How To: Make Your Own Ringtones in GarageBand in Mac OS X

Phones today come with many options for ringtones, but pretty many of them are generally either boring, or something you wouldn’t really want to use as your ringtone. While there are tons of apps and websites out there that let you download other generic ringtones or purchase songs to use as ringtones, these aren’t good options because they can be very buggy, and very expensive. Well, If you’ve got a Mac with iLife, you can turn any song you own into a ringtone, and you can even use specific parts of the song! Keep reading to find out how!

First of all, choose your song, and remember: it doesn’t even technically have to be a song! This can be basically any audio file you want to use (or use a part of) as a ringtone. Remember that you want something that will sound relatively clear on your phones speaker, so try to avoid super low lows, as well as super high highs. Most songs are fine, but its something to keep in mind, as most handsets have relatively weak speakers.

Next, open up GarageBand and the Finder window. In GarageBand, you want to be creating a new song, so if it doesn’t by default, just go to “File -> New“, then New Project on the left and Loops on the right. Lastly, click Choose in the lower right corner.


In the new popup window, click “Create“.


Now switch over to your Finder window. Here, you’ll want to browse to the file you want to turn into a ringtone. Once you find it, simply drag it into GarageBand, and drop it into the Loops area in the center of your screen.


Once GarageBand has imported the track, we’re halfway there!

1. First, make sure the song is position correctly by clicking and dragging the track as far to the left as possible.

2. Now that we’ve done that, we want to trim the song down. Generally you want to use somewhere between 10 and 20 seconds so that the file size is easily used and manipulated. To trim your song down, just press the space bar to start listening to your track. When you find the part of the track you want to use as a ringtone, remember where it lies along the timeline at the top of the track. These marking make it easy to remember the section of song you want.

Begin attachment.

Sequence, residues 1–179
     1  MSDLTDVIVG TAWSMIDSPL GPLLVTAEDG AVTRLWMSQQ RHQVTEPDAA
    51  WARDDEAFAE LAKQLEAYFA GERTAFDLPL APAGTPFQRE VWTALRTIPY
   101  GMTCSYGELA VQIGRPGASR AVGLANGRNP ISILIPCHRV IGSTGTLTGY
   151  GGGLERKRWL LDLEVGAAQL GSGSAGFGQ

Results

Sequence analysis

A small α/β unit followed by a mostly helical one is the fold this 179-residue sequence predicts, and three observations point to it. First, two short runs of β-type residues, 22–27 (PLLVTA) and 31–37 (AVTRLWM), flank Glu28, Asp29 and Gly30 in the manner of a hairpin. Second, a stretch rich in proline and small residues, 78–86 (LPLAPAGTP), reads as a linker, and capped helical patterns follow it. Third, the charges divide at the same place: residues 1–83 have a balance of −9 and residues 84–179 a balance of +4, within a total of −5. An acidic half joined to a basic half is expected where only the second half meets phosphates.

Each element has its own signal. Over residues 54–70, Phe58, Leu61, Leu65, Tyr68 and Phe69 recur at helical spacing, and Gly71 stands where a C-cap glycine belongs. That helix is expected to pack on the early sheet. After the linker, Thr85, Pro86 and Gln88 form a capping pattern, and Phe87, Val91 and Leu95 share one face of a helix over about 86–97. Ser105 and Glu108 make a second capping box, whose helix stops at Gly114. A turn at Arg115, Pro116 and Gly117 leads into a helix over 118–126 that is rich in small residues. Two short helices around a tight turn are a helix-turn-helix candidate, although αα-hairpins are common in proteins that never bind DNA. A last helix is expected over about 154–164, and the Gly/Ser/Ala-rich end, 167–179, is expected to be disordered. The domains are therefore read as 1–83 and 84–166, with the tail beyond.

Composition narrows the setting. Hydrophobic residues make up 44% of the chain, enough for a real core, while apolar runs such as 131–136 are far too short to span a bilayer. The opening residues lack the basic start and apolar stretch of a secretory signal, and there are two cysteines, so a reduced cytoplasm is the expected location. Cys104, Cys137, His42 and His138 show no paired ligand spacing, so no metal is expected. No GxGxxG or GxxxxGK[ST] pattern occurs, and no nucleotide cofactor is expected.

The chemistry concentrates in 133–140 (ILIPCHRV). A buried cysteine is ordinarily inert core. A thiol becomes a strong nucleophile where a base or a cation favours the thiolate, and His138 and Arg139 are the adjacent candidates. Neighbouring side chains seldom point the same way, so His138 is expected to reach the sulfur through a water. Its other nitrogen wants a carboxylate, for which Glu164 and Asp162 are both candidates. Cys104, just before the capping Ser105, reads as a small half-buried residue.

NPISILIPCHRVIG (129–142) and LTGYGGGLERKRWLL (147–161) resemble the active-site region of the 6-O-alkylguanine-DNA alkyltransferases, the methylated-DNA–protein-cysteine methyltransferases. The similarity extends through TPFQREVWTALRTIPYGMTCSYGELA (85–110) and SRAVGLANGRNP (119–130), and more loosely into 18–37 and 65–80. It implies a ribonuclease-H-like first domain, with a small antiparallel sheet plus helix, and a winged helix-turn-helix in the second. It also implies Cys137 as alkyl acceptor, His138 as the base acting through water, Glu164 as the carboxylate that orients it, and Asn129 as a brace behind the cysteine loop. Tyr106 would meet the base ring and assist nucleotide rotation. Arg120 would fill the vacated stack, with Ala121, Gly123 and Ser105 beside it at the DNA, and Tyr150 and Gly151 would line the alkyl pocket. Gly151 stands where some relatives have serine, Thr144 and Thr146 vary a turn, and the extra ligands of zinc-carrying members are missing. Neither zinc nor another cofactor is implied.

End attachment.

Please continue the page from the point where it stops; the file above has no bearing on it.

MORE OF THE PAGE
3. Once you’ve decided, click at the beginning of the part you want to keep as your ringtone and click “Edit -> Split“. Now the song you imported will be split into two pieces. Delete the beginning piece that you don’t want. Now do the same for the part of the track that falls after where you want the song to end, and drag the remaining piece (which should be the part of the track or song you want to use as a ringtone) all the way to the left.


4. Now that you’ve got your ringtone ready, the last step is getting it onto your phone. To do this, first drag the scroll bar in GarageBand as far right as it can go and look for a little arrow in the timeline at the top of the window. This arrow signifies the end of your song, and you will just need to drag it to the left to where you want your ringtone to end, so that you don’t have a bunch of silence.


Now, we just need to save the ringtone to get it on your phone! This varies with phone type, but here are the most common ways to do it:

  • If you have an iPhone, you may know that you can add ringtones from iTunes. This is super simple: in GarageBand’s Share Menu, just hit “Send Song to iTunes“, then add the ringtone to your iPhone through iTunes like you would for any other ringtone.
  • If you have another smartphone, like an Android phone, just hit that same Share Menu, but then click Export Song to Disk. Then save the track as an MP3 and put it on your smartphone, and set it as a ringtone from there.
  • If you don’t have a smartphone, sometimes the best way to get the ringtone to your phone is to send it as an MMS over email. To do this, create a new email in whatever email app or website you use, and address the email to your cell phone number. This address can vary depending on your carrier, but a quick Google search can give you what address you’ll need to use. The ringtone will come into your phone as an MMS, and you can usually save the audio from the MMS as a ringtone.


Do you have any questions or know  of another way to create your own ringtones on a Mac?  Let us know in the comments!

Colin Scattergood

Frankly, Colin is a big geek about the things in which he's interested. From tech to science to the business behind it all...When Colin get's in to something, he really get's in to it. Mac's and Android phones are his forte, but you name it and he probably uses it. He's an avid pilot and is also deeply interested in the industries that encompass his technical and well, sort of nerdy hobbies. He is open to any and all communication, so feel free to shoot him an email with comments, questions, suggestions or corrections at any time! Visit him at or

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